Getting burned on firewood sales Buyer beware: Unscrupulous operators are giving some customers less wood than they ordered.

November 18, 1996|By Marcia Myers | Marcia Myers,SUN STAFF

With temperatures dropping and snow shovels poised, legions of wood-laden trucks are descending on neighborhoods from Timonium to Annapolis to peddle cozy winter evenings by the fire.

Sad to say, many folks will come up a few fires short.

Inspectors at the state Department of Agriculture already are fielding calls from people who suspect that they were cheated by their firewood dealer.

For many, buying firewood is one of those risky purchases, often made on romantic impulse. The desire to be hypnotized by lapping flames and listen to that comforting crackle sometimes overcomes common sense. You know you should be buying aged hardwoods.

But if you barely know oak from pine and have no clue what a cord of wood is, it's easy to hope for the best and trust that the guy with the pickup truck out front isn't ripping you off.

Unethical dealers are often difficult to track.

"People suspect they didn't get the right amount, then realize the dealer's phone number has been disconnected," said Louis Straub, chief of the department's weights and measures section. "Some of them kind of vanish. They don't like to return our calls."

This time of year, hundreds of dealers are peddling wood, most of it cut locally. A license from the state Department of Natural Resources can be had for $10, but state officials suspect that many unlicensed dealers are out there.

"I would be very skeptical of anybody selling firewood door-to-door," said Straub.

If you wonder how seriously he takes this problem, consider the case he and his inspectors built last winter against James Denton Fairburn.

A string of Fairburn's customers in Harford County contacted the state over several months, complaining that Fairburn had shorted them on their wood purchases -- in some cases by as much as 50 percent.

"I've been burning wood for almost 20 years, so when I saw what he left, I knew it wasn't two cords," said David May, an electrical engineer from Bel Air, who bought wood from Fairburn. In fact, it was just under one cord.

Fairburn didn't return his calls, so May contacted state investigators, who did what any good narcotics officers might do -- they set up an undercover buy. On Feb. 23, when Fairburn arrived at a home in Forest Hill and delivered a load of wood far short of the order, a video camera behind a garage window was rolling and still cameras clicked off shots of the transaction.

Fairburn, who had been nabbed for similar dealings the year before, netted himself a month in jail and was banned from selling firewood in Maryland. So far this year, six dealers have been prosecuted.

The solution for wary firewood buyers is simple, Straub said. All you really have to know is how much wood is in a "cord."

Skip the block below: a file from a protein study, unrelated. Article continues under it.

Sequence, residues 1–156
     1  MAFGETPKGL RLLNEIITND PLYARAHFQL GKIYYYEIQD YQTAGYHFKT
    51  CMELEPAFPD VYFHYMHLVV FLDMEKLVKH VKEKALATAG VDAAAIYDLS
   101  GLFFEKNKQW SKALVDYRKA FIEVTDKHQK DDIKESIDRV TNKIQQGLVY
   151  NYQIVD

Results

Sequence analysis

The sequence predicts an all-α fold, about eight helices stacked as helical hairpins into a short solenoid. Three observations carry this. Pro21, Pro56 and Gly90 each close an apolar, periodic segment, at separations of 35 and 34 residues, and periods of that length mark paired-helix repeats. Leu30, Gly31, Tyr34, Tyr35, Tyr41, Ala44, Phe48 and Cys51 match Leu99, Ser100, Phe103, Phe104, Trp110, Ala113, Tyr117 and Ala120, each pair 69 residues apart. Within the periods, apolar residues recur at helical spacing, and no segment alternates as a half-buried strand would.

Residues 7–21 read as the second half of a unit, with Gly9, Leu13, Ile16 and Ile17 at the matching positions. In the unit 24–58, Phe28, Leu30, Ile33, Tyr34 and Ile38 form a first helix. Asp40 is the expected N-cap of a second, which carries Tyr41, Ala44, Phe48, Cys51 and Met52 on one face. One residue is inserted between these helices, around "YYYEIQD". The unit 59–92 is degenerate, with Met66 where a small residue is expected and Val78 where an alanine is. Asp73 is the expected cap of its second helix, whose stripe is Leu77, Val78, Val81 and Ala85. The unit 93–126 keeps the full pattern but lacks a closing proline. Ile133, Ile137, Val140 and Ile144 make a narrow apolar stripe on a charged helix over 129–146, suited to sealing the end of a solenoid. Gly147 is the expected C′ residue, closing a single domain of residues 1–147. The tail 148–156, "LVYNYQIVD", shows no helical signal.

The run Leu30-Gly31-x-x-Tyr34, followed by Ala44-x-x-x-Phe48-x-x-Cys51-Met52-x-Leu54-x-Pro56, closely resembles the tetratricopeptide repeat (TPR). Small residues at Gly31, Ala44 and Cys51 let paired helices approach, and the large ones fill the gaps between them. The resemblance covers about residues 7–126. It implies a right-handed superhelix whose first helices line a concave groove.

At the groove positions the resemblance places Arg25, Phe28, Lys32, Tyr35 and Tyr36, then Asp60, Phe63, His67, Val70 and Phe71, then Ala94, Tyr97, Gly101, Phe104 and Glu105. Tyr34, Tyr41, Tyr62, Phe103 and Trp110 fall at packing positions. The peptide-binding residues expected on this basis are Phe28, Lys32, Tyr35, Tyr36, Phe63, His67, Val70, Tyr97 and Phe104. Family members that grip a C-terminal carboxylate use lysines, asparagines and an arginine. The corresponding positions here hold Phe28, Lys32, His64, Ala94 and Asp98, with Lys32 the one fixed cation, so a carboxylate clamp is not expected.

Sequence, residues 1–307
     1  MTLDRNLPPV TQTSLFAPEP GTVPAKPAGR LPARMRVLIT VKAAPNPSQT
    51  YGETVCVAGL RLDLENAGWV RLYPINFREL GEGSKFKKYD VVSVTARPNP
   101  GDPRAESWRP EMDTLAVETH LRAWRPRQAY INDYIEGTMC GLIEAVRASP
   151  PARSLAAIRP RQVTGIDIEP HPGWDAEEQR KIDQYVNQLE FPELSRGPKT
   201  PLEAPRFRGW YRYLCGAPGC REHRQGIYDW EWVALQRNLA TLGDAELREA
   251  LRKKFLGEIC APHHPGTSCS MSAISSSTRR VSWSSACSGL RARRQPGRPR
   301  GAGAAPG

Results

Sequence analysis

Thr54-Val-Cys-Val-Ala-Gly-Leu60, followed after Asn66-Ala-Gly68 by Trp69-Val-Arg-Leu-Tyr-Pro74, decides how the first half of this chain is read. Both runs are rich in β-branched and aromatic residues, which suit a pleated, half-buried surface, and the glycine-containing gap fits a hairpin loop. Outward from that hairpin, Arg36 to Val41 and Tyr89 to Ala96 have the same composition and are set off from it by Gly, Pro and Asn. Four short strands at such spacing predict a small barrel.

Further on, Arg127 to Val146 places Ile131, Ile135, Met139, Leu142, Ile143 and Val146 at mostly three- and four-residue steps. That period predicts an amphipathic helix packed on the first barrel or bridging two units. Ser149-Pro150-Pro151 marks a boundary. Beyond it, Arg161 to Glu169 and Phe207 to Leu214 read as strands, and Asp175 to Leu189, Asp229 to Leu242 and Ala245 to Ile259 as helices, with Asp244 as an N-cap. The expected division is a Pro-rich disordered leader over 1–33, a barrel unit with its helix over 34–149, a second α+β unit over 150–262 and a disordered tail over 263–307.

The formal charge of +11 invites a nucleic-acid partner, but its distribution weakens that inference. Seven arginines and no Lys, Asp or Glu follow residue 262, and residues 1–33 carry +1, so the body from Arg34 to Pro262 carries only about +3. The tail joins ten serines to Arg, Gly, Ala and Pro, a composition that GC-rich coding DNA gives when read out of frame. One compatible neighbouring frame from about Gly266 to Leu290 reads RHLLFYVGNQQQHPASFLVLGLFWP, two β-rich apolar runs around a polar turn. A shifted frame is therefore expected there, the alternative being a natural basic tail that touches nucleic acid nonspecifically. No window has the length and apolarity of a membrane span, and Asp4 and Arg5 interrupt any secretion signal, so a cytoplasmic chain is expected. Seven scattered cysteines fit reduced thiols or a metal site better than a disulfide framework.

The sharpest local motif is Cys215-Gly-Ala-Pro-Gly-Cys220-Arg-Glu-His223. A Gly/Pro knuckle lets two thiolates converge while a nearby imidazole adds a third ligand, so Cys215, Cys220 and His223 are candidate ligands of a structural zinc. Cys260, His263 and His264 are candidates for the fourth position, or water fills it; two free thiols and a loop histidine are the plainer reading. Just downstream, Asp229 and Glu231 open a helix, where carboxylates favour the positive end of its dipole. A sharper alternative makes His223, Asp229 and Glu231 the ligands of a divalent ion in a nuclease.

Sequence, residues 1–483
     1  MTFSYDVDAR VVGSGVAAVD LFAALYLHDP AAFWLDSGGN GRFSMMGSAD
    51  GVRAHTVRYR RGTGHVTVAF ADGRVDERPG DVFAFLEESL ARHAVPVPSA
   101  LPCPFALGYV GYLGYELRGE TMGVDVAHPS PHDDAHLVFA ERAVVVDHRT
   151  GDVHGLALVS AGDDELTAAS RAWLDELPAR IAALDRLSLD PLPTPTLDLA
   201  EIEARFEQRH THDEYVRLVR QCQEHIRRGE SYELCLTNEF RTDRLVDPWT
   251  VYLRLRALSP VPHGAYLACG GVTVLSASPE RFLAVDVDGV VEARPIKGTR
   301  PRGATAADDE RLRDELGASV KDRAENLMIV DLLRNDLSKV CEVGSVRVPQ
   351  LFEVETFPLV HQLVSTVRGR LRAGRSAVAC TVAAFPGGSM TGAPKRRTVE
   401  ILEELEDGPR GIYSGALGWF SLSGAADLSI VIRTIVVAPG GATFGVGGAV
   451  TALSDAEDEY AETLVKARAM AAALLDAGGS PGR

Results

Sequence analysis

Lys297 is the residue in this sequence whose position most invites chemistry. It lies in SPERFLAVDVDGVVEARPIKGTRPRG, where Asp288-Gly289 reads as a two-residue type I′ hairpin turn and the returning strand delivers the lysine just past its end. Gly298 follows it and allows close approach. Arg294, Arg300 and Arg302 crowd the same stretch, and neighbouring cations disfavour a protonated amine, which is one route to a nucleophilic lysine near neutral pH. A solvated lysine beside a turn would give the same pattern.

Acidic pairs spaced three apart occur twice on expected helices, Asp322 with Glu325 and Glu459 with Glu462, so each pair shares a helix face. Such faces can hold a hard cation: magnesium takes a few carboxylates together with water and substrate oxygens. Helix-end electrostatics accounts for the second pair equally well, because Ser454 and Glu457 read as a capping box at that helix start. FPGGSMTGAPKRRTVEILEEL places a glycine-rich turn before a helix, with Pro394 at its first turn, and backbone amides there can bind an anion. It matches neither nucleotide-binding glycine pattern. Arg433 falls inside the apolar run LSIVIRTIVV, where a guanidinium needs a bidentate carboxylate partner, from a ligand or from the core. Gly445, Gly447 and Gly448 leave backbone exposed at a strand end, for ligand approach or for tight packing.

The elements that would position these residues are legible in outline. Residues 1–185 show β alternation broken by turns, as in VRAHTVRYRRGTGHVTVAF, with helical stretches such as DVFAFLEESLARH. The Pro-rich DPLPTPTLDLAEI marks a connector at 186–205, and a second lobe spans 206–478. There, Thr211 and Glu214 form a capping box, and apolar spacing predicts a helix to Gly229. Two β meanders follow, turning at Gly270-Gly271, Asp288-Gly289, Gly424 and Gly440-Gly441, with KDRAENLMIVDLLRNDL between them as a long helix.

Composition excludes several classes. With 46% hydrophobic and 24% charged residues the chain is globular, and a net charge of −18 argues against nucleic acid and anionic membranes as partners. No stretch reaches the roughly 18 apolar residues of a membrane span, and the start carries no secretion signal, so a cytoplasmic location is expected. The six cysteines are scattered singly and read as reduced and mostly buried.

That appears to cause the greatest confusion among buyers.

"Many people don't know -- they're vulnerable," said Melvin Fair, who delivers a cord at a time from his 15-year-old firewood business in Reisterstown. "I'll get someone who orders two cords, and they pay me the full price on the first delivery. I have to tell them, 'You've got another load coming.' They say, 'Oh, really?' That happens a lot."

Fair, a fit, 71-year-old retiree, says he usually stacks the wood himself when he delivers a load so his customers can see what they're getting. No one has ever filed a complaint against him, state inspectors say.

"I just hate to see people get ripped off," Fair said. "I think a lot of these guys get into it -- they have a truck and a chain saw -- [and] I don't think they know themselves what a cord of wood is."

For the record, a cord of firewood measures 4 feet high, 4 feet deep and 8 feet long when stacked compactly. That's 128 cubic feet of wood. And it is far more wood than will fit in the bed of a standard pickup truck.

If sellers offer wood to you by the "face cord," "rack," "pile," or even by the truckload, be suspicious. There are no legal definitions for how much wood that should amount to, so insist on buying by the cord or fraction of a cord, state inspectors say.

And since it is virtually impossible to eyeball a pyramid of unstacked wood and determine how much is there, insist that the seller stack it (although he may charge extra) and measure the pile yourself before he leaves. A cord of wood typically costs between $100 and $160.

If you're tempted to buy wood by the stick or in a package of several logs from your neighborhood market, understand that you may be paying at a rate equivalent to $300 to $700 a cord.

And don't hold out too much hope if you latch on to a good, reliable dealer.

"They come and go," said Jack Perdue, of the state forest service. "They might be in business this year, but next year you won't see them anymore."

Wood buying tips

Always purchase by the cord or fraction of a cord, the only legal measurement for firewood. A cord measures 4 feet high, 4 feet deep and 8 feet long.

Ask the seller to stack and measure the wood.

To determine if wood is aged, which is desirable, look for a grayish color and cracks at the ends.

Ask the dealer for a delivery ticket, which is required by the state. It should show the dealer's name, address and phone number, the amount of wood delivered and how much was paid. Also note the truck's license plate number.

The Department of Natural Resources forestry division (974-3776) can tell you if your firewood dealer is licensed and provide his address and phone number.

To file a complaint, contact the Department of Agriculture, weights and measures division, 841-5790.

Pub Date: 11/18/96

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